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More About This Title The Tide
If The Catcher in the Rye were to meet Vernon God Little, the resulting work would probably resemble nothing so much as The Tide, the compelling first novel from established dramatist, Mark Tuohy. Michael is 19 and shares a flat above a Chinese takeaway in London with Margaret, his grandmother. When she dies, his already fragile world falls apart. After a desperate plunge into the Thames, he embarks upon a journey that leads from London to Dublin. Accompanied by memories of his grandmother's words and a distant echo of his mother and The Clash, Michael passes through psychiatric care in London and then out to Ireland where he hopes to make peace with himself and the world. Difficult subject matter is punctuated with humor, and throughout the novel—despite his isolation—Michael's optimism is never far below the surface. The style of Tuohy's writing, with its fast pace and lack of punctuation, accurately captures this distinctive voice, drawing the reader immediately to Michael and into his world. The Tide is a tale of self discovery—a novel that deals with the universal themes of love and death, alienation and the fragile nature of existence. It can make you laugh as well.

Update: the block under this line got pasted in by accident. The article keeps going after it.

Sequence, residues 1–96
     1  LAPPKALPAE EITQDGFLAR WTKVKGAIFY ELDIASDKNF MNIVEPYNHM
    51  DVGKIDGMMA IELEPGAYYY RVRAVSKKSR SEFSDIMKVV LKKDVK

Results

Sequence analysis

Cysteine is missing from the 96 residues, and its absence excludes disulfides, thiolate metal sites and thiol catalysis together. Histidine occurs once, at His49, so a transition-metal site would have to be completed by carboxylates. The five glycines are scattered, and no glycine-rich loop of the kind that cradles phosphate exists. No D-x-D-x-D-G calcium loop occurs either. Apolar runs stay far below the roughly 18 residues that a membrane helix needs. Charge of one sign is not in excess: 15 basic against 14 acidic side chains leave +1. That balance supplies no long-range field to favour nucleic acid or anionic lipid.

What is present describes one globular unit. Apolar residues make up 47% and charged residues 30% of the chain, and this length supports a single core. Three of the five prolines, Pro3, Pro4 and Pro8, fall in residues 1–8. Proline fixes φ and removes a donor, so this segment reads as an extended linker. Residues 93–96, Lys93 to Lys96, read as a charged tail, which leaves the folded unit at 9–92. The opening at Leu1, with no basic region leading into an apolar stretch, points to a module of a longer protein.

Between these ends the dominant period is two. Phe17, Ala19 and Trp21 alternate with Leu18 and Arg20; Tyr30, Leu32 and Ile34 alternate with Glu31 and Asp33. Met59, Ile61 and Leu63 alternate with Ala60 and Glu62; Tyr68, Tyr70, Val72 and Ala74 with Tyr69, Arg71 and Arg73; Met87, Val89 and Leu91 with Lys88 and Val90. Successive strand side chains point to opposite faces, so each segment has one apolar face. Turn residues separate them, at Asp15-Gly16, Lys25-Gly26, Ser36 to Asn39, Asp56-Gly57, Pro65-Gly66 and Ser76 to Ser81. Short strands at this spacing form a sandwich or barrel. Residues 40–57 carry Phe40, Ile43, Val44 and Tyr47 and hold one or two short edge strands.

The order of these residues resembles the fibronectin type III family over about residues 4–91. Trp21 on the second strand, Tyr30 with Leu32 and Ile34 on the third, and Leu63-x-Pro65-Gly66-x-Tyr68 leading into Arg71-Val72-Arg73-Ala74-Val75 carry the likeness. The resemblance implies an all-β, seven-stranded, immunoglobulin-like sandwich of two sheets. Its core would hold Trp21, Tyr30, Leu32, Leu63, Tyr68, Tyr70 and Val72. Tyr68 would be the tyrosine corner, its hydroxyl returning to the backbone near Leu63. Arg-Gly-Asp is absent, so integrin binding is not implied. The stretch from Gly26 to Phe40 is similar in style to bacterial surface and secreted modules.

Mark Tuohy has been involved with community and social work in several London Boroughs, working in particular with teenagers, people with mental health problems and the homeless. After winning the Bush Theatre's Allied Domecq Award in 1998, Mark was invited to join the BBC New Writers' Initiative where he wrote and directed a TV short and was commissioned to write Supermarket Kisses for radio. He has since written drama for the BBC World Service and for Radio 4, and is currently working on his second novel.